British Columbia

Off-the-grid float house is 'perfect choice', say retired B.C. couple

Land prices are not a problem for one B.C. couple who have chosen to leave terrestrial living behind in favour of a floating lake cabin, tethered next to a cliff face.

Margy Lutz and her husband Wayne's floating cabin sits on Powell Lake next to a cliff

Margy Lutz and her husband Wayne live in a float house on Powell Lake, B.C. (CBC)

Land prices can be astronomically high in many parts of Canada, but they're not a problem for a B.C. couple who have chosen to leave terrestrial living behind — in favour of a floating cabin east of Powell River.

Retirees Margy Lutz and her husband Wayne live in a 420-square-foot, solar-powered float house on Powell Lake. The cabin is next to a cliff and is tethered to shore by a cable. There is no running water. 

"It's not for everybody," Lutz said. "Right here, we have no internet and no television — you could if you had a satellite, but we've chosen not to do that."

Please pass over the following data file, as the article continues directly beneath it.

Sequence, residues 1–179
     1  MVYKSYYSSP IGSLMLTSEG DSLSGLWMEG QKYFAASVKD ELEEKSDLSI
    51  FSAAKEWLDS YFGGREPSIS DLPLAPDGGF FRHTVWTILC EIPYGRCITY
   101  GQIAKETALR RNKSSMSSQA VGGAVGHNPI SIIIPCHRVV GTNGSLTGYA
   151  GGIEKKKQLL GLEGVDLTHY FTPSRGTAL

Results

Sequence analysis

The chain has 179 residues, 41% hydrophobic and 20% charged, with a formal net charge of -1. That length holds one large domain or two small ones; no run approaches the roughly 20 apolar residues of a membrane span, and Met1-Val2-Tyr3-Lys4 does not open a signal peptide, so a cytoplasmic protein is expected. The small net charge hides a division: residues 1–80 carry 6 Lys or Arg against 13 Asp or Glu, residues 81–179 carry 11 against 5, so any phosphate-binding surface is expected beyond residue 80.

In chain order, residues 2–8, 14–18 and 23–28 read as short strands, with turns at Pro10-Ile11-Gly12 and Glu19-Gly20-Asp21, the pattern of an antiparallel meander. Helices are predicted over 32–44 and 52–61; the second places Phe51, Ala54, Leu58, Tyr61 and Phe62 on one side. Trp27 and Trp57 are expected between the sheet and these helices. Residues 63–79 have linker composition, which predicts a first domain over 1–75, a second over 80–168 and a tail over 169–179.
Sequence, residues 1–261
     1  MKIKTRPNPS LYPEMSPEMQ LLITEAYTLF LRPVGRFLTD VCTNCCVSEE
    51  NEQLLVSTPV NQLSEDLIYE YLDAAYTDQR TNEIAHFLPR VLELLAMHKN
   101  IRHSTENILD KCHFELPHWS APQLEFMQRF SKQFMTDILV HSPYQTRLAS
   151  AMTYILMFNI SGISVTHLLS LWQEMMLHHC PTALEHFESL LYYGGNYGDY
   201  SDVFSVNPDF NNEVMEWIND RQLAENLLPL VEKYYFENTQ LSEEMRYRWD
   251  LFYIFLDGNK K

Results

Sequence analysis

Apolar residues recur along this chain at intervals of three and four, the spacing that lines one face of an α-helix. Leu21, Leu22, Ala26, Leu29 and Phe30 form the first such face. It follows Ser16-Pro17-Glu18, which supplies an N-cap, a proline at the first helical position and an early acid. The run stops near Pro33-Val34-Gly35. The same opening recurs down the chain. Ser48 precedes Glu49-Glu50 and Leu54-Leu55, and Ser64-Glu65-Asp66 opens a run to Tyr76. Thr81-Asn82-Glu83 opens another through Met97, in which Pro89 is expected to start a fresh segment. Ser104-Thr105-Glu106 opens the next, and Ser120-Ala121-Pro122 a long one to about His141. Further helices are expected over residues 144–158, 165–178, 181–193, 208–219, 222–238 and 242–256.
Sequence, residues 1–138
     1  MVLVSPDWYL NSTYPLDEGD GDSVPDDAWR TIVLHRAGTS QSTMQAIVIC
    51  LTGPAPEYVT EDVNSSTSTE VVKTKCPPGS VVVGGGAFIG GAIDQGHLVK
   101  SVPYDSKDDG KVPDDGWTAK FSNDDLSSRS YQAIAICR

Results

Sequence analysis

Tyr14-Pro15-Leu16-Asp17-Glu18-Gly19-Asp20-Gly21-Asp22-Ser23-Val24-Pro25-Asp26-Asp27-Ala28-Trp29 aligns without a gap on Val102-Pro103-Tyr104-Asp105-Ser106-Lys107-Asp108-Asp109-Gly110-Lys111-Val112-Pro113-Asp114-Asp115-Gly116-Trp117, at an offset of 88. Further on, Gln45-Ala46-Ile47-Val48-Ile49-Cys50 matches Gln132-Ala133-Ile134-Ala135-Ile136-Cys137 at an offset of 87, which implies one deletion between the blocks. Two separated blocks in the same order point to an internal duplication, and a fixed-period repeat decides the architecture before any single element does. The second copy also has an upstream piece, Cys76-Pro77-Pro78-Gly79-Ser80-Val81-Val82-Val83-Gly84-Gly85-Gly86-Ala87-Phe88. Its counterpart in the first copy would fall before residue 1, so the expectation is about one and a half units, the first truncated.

Lutz uses a hand pump to bring water up from the lake, and a floating garden built on cedar logs allows her to grow everything from asparagus to beets to carrots. The cabin also acts as a dock for the couple's boat.

Margy Lutz's floating garden built on cedar logs allows her to grow everything from asparagus to beets to carrots. (CBC)

For the most part, Lutz says living off the grid has been "a perfect choice" for her and her husband, though the two of them did have to make an adjustment when it came to the bathroom.

"We went to Composting Toilets and built ourselves a bathroom, so that's a wonderful addition," she said.

"We used to, in all kinds of weather, have to go up four flights of stairs [to an outhouse], and that was not always fun."


This story is part of a series produced in Vancouver about alternative housing options across Canada.

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